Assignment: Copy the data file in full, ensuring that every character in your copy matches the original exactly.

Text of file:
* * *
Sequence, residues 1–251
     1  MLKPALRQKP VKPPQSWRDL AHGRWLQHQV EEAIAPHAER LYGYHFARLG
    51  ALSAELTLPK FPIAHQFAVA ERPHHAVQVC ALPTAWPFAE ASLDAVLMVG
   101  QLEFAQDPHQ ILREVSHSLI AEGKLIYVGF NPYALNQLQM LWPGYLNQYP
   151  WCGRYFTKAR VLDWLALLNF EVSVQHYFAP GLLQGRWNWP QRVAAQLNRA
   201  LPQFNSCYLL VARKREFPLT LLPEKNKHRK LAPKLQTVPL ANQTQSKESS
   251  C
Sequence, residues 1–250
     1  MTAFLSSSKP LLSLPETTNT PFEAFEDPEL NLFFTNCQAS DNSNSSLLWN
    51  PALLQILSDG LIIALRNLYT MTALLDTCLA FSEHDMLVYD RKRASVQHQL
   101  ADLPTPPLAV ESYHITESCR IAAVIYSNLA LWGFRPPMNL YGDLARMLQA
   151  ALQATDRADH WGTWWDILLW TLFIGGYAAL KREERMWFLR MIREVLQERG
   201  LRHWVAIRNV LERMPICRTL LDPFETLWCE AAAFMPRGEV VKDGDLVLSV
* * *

Sequence, residues 1–251
     1  MLKPALRQKP VKPPQSWRDL AHGRWLQHQV EEAIAPHAER LYGYHFARLG
    51  ALSAELTLPK FPIAHQFAVA ERPHHAVQVC ALPTAWPFAE ASLDAVLMVG
   101  QLEFAQDPHQ ILREVSHSLI AEGKLIYVGF NPYALNQLQM LWPGYLNQYP
   151  WCGRYFTKAR VLDWLALLNF EVSVQHYFAP GLLQGRWNWP QRVAAQLNRA
   201  LPQFNSCYLL VARKREFPLT LLPEKNKHRK LAPKLQTVPL ANQTQSKESS
   251  C
Sequence, residues 1–250
     1  MTAFLSSSKP LLSLPETTNT PFEAFEDPEL NLFFTNCQAS DNSNSSLLWN
    51  PALLQILSDG LIIALRNLYT MTALLDTCLA FSEHDMLVYD RKRASVQHQL
   101  ADLPTPPLAV ESYHITESCR IAAVIYSNLA LWGFRPPMNL YGDLARMLQA
   151  ALQATDRADH WGTWWDILLW TLFIGGYAAL KREERMWFLR MIREVLQERG
   201  LRHWVAIRNV LERMPICRTL LDPFETLWCE AAAFMPRGEV VKDGDLVLSV